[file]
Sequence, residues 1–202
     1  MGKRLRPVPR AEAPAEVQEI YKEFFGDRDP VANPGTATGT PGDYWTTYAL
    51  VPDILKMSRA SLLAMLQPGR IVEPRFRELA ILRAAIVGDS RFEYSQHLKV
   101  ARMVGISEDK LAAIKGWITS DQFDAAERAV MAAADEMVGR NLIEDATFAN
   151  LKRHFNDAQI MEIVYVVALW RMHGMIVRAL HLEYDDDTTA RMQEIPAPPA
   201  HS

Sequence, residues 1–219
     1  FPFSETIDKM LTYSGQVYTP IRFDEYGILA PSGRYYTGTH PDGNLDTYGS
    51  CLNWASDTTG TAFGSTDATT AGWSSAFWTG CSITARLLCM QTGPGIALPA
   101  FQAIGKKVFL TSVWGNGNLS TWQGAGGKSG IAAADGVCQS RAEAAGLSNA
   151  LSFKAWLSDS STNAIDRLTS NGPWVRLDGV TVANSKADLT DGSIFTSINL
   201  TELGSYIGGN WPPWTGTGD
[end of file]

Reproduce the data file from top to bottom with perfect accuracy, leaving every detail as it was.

Sequence, residues 1–202
     1  MGKRLRPVPR AEAPAEVQEI YKEFFGDRDP VANPGTATGT PGDYWTTYAL
    51  VPDILKMSRA SLLAMLQPGR IVEPRFRELA ILRAAIVGDS RFEYSQHLKV
   101  ARMVGISEDK LAAIKGWITS DQFDAAERAV MAAADEMVGR NLIEDATFAN
   151  LKRHFNDAQI MEIVYVVALW RMHGMIVRAL HLEYDDDTTA RMQEIPAPPA
   201  HS

Sequence, residues 1–219
     1  FPFSETIDKM LTYSGQVYTP IRFDEYGILA PSGRYYTGTH PDGNLDTYGS
    51  CLNWASDTTG TAFGSTDATT AGWSSAFWTG CSITARLLCM QTGPGIALPA
   101  FQAIGKKVFL TSVWGNGNLS TWQGAGGKSG IAAADGVCQS RAEAAGLSNA
   151  LSFKAWLSDS STNAIDRLTS NGPWVRLDGV TVANSKADLT DGSIFTSINL
   201  TELGSYIGGN WPPWTGTGD